My body conceals a hidden vascular time bomb. The surgeons tried to defuse it in 1981 but weren’t successful. Unbeknownst to everyone, the bomb kept ticking. They finally discovered in 2011 that it was still ticking. In 2013 they tried to defuse it again. That time all they succeeded in doing was speeding up the ticking clock and in 2016 the bomb actually started to go off. Through desperate measures the surgical bomb squad turned back the clock and, though the fuse had already lit up and started burning, the surgeons managed at the very last second to prevent the bomb from going off. I live every day with the discomfort that accompanies the uncertainty of hosting a hidden time bomb. It is not psychologically satisfying to know about such things. But in my situation, ignorance might actually be fatal. The psychological discomfort of knowing is the thing that fuels the kind of medical vigilance that may be the only thing which will keep me alive.
Here is a life lesson I’ve learned: psychological comfort can be fatal if it deafens you to the ticking time bombs in your life.
My wife forwarded me an e-mail a few days ago that she received from Kohl’s, the popular retailer. Kohl’s, like a lot of companies, is celebrating Pride Month. The image at the top of this post was included in Kohl’s promotional e-mail. “Love Wins” is a popular message right now. It has layers of intended meaning.
The e-mail from Kohl’s contains pictures of happy gay and lesbian couples, some with children. The inclusion of the “Love Wins” message suggests a couple of things. First, I think Kohl’s intends to say that homosexual love can overcome any obstacles or objections to such relationships. Second, I think Kohl’s intends to suggest that anything short of affirming homosexual relationships represents a lack of love on the part of everyone else.
In the Kohl’s ad, the slogan “Love Wins” implies a particular understanding of what constitutes love. In essence, it implies that love always leads to psychological comfort. Comfort is found either by loving a gay or lesbian partner, or by offering comfort to gays and lesbians through affirmation. In either case, we are to understand love as the offering of psychological comfort. Conversely, within our culture, lack of affirmation is increasingly viewed as hate, precisely because psychological comfort is withheld.
Love has not always been understood in this way. There has been a kind of hollowing out of what constitutes love. Once upon a time, “love” represented a determination to act in another person’s best interest, not merely as an agent of their psychological satisfaction.
A person’s best interest and their psychological satisfaction can be two very different things. I know this from hard personal experience.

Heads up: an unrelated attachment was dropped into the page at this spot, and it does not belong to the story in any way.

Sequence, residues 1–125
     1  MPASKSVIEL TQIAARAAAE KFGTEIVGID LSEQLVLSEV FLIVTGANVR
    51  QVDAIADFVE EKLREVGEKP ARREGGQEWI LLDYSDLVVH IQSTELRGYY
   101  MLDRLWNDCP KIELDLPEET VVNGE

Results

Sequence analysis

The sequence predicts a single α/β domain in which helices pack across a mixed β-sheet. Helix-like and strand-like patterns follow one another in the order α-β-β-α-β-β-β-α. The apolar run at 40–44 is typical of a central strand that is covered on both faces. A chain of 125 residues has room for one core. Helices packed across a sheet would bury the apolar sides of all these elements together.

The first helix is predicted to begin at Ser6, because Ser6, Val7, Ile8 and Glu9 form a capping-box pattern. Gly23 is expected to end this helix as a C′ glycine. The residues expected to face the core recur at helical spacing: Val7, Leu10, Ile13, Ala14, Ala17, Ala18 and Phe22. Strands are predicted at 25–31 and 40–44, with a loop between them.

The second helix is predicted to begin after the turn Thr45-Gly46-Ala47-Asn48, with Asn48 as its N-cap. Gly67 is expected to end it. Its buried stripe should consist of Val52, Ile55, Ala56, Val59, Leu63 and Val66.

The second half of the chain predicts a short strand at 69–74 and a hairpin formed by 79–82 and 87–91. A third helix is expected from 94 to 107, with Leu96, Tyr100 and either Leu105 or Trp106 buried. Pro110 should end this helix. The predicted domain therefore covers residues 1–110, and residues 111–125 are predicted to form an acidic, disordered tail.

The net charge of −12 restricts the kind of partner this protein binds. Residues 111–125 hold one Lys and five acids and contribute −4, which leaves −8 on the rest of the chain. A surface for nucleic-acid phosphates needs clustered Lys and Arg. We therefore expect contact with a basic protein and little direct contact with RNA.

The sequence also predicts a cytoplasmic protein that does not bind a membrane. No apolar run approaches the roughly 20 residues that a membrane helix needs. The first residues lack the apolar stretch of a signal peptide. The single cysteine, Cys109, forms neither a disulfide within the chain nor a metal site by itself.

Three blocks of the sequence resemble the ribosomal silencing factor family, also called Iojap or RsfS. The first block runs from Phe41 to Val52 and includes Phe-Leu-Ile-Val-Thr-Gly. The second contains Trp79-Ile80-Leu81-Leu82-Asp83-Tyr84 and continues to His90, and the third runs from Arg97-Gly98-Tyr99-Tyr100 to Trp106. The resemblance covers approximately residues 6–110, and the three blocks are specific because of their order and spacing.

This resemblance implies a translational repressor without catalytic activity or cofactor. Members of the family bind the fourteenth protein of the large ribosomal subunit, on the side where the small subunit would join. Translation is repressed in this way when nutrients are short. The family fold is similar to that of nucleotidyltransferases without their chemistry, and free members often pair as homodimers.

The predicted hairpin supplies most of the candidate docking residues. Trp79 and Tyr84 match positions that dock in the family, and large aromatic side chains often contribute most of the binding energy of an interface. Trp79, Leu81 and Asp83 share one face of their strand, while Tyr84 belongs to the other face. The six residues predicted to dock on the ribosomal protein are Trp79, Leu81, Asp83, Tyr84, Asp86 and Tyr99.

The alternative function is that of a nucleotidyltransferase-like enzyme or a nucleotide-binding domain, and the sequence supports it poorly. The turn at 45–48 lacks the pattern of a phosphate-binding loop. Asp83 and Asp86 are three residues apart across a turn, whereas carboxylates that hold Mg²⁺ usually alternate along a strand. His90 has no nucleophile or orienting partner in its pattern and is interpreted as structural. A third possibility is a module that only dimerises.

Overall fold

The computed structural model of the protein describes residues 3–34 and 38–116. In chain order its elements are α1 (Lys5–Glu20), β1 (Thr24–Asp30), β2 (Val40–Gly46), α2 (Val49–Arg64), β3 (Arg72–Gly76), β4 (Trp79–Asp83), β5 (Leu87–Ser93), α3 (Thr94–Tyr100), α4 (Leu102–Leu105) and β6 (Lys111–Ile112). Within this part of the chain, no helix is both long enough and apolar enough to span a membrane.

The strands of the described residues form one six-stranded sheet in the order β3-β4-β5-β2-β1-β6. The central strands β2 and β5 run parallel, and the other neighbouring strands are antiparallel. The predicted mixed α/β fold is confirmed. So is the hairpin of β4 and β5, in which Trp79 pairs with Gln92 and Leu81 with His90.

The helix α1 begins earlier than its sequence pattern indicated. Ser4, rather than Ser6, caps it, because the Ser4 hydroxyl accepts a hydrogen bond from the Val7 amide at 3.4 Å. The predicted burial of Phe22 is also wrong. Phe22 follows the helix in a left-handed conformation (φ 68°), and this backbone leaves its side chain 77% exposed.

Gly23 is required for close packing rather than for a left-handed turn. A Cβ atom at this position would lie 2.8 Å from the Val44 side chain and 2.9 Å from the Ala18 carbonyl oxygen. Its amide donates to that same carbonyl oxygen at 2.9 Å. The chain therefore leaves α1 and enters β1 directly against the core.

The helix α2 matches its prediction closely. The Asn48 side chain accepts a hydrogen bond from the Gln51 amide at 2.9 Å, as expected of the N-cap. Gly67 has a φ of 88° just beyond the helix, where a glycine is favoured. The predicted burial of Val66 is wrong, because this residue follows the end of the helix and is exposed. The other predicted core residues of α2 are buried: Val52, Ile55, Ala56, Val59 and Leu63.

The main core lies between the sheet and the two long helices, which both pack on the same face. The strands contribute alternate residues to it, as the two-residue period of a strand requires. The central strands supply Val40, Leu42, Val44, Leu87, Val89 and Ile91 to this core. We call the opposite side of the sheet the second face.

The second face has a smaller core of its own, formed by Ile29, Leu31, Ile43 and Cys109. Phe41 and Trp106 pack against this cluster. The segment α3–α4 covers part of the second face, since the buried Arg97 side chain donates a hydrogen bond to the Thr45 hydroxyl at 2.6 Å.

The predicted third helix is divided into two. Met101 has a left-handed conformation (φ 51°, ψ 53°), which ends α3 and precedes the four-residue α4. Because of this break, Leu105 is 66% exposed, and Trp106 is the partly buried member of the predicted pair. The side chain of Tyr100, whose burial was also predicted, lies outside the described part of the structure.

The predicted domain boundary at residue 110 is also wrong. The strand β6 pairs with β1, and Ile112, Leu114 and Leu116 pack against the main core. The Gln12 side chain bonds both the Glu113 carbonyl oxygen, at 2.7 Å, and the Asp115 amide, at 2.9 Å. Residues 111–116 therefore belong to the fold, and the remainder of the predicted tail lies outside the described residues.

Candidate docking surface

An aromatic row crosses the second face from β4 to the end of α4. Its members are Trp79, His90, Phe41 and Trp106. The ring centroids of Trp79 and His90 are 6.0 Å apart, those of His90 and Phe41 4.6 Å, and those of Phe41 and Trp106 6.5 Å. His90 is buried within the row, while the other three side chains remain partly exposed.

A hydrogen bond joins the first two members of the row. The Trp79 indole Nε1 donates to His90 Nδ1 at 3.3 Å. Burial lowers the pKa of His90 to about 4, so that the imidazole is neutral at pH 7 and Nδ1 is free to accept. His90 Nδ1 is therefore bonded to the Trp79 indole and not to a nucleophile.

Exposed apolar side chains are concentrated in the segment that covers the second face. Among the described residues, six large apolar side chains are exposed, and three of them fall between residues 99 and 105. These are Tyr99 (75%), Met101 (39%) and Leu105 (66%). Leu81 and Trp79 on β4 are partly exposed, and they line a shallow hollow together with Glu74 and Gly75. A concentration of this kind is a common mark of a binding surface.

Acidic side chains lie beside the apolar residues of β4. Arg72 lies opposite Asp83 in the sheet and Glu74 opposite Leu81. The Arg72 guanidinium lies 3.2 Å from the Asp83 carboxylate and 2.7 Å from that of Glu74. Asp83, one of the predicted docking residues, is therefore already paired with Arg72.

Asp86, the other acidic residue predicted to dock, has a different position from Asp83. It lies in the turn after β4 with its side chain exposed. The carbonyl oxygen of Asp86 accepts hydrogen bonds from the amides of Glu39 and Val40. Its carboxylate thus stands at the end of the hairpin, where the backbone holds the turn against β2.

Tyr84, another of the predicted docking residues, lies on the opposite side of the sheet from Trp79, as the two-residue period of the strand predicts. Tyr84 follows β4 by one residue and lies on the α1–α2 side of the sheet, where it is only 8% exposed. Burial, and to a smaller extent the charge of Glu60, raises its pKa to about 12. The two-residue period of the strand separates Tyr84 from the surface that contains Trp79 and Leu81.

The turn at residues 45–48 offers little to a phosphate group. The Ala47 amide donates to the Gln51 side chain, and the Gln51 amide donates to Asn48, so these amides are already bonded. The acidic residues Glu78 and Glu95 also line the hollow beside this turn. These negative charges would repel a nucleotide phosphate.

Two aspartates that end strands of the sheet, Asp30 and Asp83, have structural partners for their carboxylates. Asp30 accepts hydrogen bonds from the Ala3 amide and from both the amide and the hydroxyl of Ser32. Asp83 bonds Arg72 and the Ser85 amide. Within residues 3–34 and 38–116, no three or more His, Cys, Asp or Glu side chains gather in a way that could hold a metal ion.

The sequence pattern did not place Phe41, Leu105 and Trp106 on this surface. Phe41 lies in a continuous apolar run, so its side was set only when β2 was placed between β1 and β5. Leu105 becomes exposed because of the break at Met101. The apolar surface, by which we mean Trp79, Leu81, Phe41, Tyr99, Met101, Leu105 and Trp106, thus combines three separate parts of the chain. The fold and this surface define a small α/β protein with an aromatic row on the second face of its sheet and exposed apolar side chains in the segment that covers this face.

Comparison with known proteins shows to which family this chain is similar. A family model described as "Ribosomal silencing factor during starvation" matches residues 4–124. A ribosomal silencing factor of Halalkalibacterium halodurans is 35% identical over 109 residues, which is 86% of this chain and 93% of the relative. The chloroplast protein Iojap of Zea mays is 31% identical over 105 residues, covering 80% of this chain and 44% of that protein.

Carl Trueman has written an amazing book entitled The Rise and Triumph of the Modern Self. The subtitle of his book is suggestive of the implications of the modern self he describes: Expressive Individualism and the Road to Sexual Revolution. In his book, Trueman chronicles the intellectual history behind our modern determination to understand our inner lives and appetites as defining of our identity. He documents the flow of ideas that has lead to the widespread belief that questioning the merits of a person’s sexual proclivities is essentially the same thing has calling into question their personhood, or even their humanity.
Whether or not “love wins” depends entirely, I suspect, on how we understand love. If all we mean by “love” is a value-free affirmation of one another’s appetites, then “love” winning is a simple matter of offering unquestioning applause to each other – everyone earns a trophy just by showing up.
But if love means acting in another person’s best interest, it requires more of us than easy breezy affirmation. We must acquire an understanding of what constitutes the good, and encourage one another to pursue it. (The christian apostle Paul’s words, “love rejoices in the truth”, seem prescient in this regard.) In such a situation, love may only win if we actually withhold affirmation, provoking the psychological discomfort that is often a precursor to change.
I get no psychological comfort from the knowledge that I have a ticking time bomb inside my own body. But my doctor would in no way be loving if he were to gloss over this pesky bit of knowledge, offering only affirmations regarding my well-being in its place.
I strongly suspect that love only wins if someone is willing to, without flinching, face up to the hard things